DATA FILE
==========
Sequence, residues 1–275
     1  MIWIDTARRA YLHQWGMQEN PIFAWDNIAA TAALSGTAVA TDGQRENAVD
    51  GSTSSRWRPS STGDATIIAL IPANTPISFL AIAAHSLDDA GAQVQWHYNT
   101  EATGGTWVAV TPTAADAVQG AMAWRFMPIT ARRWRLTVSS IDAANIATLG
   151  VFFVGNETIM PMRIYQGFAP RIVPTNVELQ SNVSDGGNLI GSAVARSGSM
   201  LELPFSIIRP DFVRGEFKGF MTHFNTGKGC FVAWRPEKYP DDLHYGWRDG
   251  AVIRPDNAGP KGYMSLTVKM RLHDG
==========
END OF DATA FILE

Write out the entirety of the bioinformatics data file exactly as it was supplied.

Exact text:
Sequence, residues 1–275
     1  MIWIDTARRA YLHQWGMQEN PIFAWDNIAA TAALSGTAVA TDGQRENAVD
    51  GSTSSRWRPS STGDATIIAL IPANTPISFL AIAAHSLDDA GAQVQWHYNT
   101  EATGGTWVAV TPTAADAVQG AMAWRFMPIT ARRWRLTVSS IDAANIATLG
   151  VFFVGNETIM PMRIYQGFAP RIVPTNVELQ SNVSDGGNLI GSAVARSGSM
   201  LELPFSIIRP DFVRGEFKGF MTHFNTGKGC FVAWRPEKYP DDLHYGWRDG
   251  AVIRPDNAGP KGYMSLTVKM RLHDG